First, you can select your feedback type from this drop-down menu. RMS Voltage is selected by default.

Your Firing Mode will depend on your hardware. For a transformer-coupled or highly-inductive load, or loads with a precision temperature control requirement, we generally recommend Phase Angle. Otherwise we recommend Zero Cross. The advanced modes, zero cross burst and zero cross phase angle start, are used in situations that call for extreme power efficiency. Consult Control Concepts for more information about advanced modes.

For your Control Mode, you can choose either Closed Loop or Open Loop. With Closed Loop, the processor uses feedback and automatically adjusts SCR turn-on time to achieve the desired setpoint. This mode is usually preferable because it maintains an accurate setpoint, while Open Loop is typically only used for diagnostic purposes. For more information, refer to the Control Panel manual or contact Control Concepts.

Your ramp time limits how fast the controller turns on. Entering 10, for example, tells the controller to take ten seconds to ramp up to your target setpoint. Zero means this feature is disabled.

Control Response Factor is a tuning parameter that controls how aggressively or slowly the controller will respond to feedback. 500 is the default, and you reduce the number to make the controller respond more aggressively, and increase the number to make it respond more slowly. Note that these are not time units, the number simply determines how the controller responds, with 500 as a starting point.

The Deviation Band setting generates an alarm if the controller feedback is a certain percentage over or under the desired setpoint. This setting is not available on all firmware - again, contact CCI if you have questions about your firmware release.

We've covered both Full Scale settings and Limits before, in our Basic Setup tutorial, so let's move on to Zero Cross settings.

Burst Start Angle specifically applies to the burst start firing mode. It is a tuning parameter used for firing into transformers. By default it is set to 90 degrees, and you can adjust the angle to prevent saturation, depending on your system design and downstream transformer characteristics. The acceptable range is 15 to 150.

This next setting is for the Zero Cross - Phase Angle Start firing mode. It determines how many phase angle cycles will set up a magnetic field in a transformer. The default setting is 12. A lower number means an improved power factor, so test with your load to select the best setting.

Finally, let's look at our relay alarms. Check the box next to an alarm to direct it to a relay. By default, Relay 1 is set to Current Trip and Over-Temp, and Relay 2 is set to Shorted SCR and Warning Temp. Note that while you can check as many alarms as you want, if more than one are checked per relay, you won't be able to determine which alarm caused the fault except by using the keypad display or accessing the information with digital communications.

For more information, check out our other video tutorials, download the Control Panel manual from our website at www.ccipower.com, or contact the experts directly at Control Concepts Inc.

Advanced Setup Part 1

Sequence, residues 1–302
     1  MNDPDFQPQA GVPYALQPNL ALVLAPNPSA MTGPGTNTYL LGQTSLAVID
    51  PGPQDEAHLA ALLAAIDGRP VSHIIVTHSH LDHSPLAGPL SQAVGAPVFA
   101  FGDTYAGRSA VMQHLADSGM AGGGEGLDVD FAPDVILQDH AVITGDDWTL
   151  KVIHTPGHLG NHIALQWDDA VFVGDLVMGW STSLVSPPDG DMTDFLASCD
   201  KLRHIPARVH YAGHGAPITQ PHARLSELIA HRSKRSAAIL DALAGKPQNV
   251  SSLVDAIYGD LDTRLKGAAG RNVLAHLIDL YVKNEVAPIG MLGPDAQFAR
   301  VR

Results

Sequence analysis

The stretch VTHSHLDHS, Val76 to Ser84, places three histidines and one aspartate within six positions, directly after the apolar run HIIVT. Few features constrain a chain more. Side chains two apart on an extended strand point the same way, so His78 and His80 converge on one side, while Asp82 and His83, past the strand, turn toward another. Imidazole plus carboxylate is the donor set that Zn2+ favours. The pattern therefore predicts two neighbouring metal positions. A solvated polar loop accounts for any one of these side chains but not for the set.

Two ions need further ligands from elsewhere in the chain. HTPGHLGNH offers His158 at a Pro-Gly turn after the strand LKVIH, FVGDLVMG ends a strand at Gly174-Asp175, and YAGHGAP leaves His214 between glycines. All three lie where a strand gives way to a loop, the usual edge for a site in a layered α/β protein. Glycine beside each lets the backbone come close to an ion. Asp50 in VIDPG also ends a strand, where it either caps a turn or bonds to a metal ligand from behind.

Transcript:

Welcome. This video series will provide an overview of advanced settings on your FUSION and Compact FUSION controller. We will start with the System tab and cover the Zone tabs in a second video.

Before we begin, you will need to install the Control Panel software, which is provided free with your controller. Then connect to your powered controller with a USB cable.

Open the Control Panel and click the Connect button. Now we'll go over the different advanced options under the System tab.

The run logic option controls polarity of pin 7 and 9. By default, the logic is set to closed for run. Toggling this option is the equivalent of opening and closing the run/reset.

This next option is specifically for 3-phase controllers with 4-wire wye or inside delta loads. Otherwise it will not appear on your Control Panel. This option is specified at order time as it requires a specific internal wire harness. Contact Control Concepts if you would like this option.

When Hero Mode is enabled, the controller will continue running in the event of an over-temp condition. By default, this feature is disabled, but you may enable it with SP-84 or with this field on the control panel. You will receive a warning that doing so will void controller warranty. Click OK if you wish to continue.

Now, from the Zone tabs, you can set different relay alarms. We'll go over this in detail in our next video. With regards to Hero Mode, just know that if a relay mask has "Heatsink Over Temp" selected, the relay will energize. Inhibit alarms will still indicate the over-temp condition. But your controller will stay in a run state, and the display and the indicator LEDs will register a warning alarm instead of an inhibit alarm.

Hero Mode is not available on all firmware versions. Contact Control Concepts with questions about this feature and new firmware releases.

If you are using Sync Guard, you may enable the sync guard resistor to do load balancing across multiple zero-cross controllers. Typically, customers with networks of controllers have this setting enabled on the master and disabled on the others.

We've covered analog setpoints in an earlier video. Let's move on to these relay alarms. These are processor or system level alarms, and you can map to either relay one or relay two.

For example, if we mark the checkbox for "PLL Lock Loss," an alarm is output to relay 1 if the controller is unable to synchronize with the mains line frequency.

"In Run State" indicates the controller is in a true run state as opposed to a Stop or Fault state. And "Run Enable" is a pass through for pin 9 - it mirrors its input. So if pin 9 is open, the relay is open, and vice versa.

Here in the corner, you'll find our contact information and a link to the Control Concepts website. And this icon opens WebEx, which is the tool we use for troubleshooting a controller online with a laptop connected to a controller in the field.